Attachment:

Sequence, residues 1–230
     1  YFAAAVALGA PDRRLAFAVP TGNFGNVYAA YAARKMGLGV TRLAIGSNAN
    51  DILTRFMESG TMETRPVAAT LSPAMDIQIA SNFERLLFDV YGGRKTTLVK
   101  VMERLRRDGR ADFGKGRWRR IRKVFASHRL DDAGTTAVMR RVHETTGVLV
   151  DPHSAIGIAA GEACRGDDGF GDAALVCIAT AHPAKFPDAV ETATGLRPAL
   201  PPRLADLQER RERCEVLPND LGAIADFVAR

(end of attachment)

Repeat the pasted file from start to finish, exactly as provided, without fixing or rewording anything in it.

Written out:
Sequence, residues 1–230
     1  YFAAAVALGA PDRRLAFAVP TGNFGNVYAA YAARKMGLGV TRLAIGSNAN
    51  DILTRFMESG TMETRPVAAT LSPAMDIQIA SNFERLLFDV YGGRKTTLVK
   101  VMERLRRDGR ADFGKGRWRR IRKVFASHRL DDAGTTAVMR RVHETTGVLV
   151  DPHSAIGIAA GEACRGDDGF GDAALVCIAT AHPAKFPDAV ETATGLRPAL
   201  PPRLADLQER RERCEVLPND LGAIADFVAR